The following is a guest post submitted by Xeniphia.
Dear Autism Expert who thinks I’m coddling my likely autistic children by still lying down with them each night until they fall asleep,
I know that look that you get on your face, and the irritation in your eyes, and what it means when you look away when I mention this. I know what the ‘subtle’ “oh you *still* lay down with them?” question you ask me really means. And I can *feel* the emotions of judgement, confusion, impatience, and more in your poorly disguised tone of voice. But I wonder … I wonder if you know …
I wonder if you know how it feels to be a small child with big emotions, bigger senses, and a small ability to manage them. I wonder if you know how it feels to lie down in the evenings after a normal ‘uneventful’ day with a brain so overstrained that it hurts but can’t turn off.
I wonder if you know how it feels to climb under blankets that feel like bugs invading your every pore, but it’s winter and your parents can only afford to keep the heat up so high, so you have to stay under the blankets. I wonder if you know how it feels to have arms and legs that ache, not just from running, but from the feel of your shirt sleeves, and your pants, your socks and your coat, and to have to ignore those feelings because it is bedtime.
I wonder if you know how it feels to be able to hear the cat walking in the next room, the dog barking 3 blocks away, and the cars, not just a dull hum but an uneven rhythm of individual cars as they drive by on the streets around you. I wonder if you know what it’s like when the process necessary to shut off your brain to sleep first shuts off all the cognitive tools you have built up over the years to process these overwhelming sensations in your life.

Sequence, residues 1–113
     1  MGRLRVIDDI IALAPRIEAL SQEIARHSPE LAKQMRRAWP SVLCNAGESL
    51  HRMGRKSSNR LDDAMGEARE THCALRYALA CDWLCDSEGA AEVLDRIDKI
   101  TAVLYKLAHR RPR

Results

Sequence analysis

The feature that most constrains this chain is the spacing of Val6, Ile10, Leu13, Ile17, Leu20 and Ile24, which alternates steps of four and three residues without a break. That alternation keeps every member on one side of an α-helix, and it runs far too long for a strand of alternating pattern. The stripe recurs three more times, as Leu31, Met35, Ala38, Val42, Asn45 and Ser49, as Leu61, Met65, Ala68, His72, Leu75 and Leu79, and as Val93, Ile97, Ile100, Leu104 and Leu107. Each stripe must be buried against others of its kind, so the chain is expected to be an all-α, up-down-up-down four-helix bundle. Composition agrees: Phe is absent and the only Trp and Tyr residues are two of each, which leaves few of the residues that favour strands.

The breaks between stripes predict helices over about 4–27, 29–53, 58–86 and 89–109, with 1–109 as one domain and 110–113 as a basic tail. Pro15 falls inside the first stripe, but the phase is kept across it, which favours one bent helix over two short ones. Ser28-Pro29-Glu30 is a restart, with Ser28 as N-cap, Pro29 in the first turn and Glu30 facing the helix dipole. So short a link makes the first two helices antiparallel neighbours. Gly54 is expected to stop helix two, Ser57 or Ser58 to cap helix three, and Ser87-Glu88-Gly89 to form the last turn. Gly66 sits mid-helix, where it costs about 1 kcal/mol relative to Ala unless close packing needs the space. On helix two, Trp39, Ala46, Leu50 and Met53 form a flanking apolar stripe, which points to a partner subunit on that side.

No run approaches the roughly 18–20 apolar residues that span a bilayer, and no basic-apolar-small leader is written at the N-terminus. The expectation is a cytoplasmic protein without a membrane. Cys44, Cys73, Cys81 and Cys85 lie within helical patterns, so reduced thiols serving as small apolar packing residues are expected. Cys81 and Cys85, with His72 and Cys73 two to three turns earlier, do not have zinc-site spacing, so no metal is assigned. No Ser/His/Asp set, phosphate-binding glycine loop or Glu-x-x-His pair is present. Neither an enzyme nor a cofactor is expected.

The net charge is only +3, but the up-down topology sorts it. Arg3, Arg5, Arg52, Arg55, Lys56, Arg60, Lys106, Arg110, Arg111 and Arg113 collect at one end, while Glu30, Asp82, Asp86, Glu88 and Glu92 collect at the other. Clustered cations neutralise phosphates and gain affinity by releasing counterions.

So those moments between that cognitive shut down and actually being asleep are the ones in which you are the most vulnerable to all the things.
I wonder if then you may understand how it feels to have a big loving set of arms wrap around you, separating you from the blankets and applying gentle pressure to your aches. I wonder if you might understand how it feels to have the steady rhythm of your parent’s breathing and heartbeat replace the unorganized sounds of the cats, dogs, and cars.I wonder if then you might understand what it’s like to have such a need for this feeling that you miss your favorite movie of all time by pretending to fall asleep just so your parent will carry you to bed, knowing somehow in the back of your 7 year old mind that this will be the last time, ever. And I wonder if you might understand then why, when your child is brain tired but it won’t turn off, is squirming under blankets and unable to wear pajamas because they don’t feel right, and is asking you at night “what’s that sound” when things go bump far enough away that they shouldn’t be heard … you react by wrapping your arms around them and just BEING THERE until the sweet release of sleep takes over.
Because the pain of wanting to sleep, and not being able to, is enough reason to need my mommy; and for my babies to need theirs … even if they’re not babies anymore.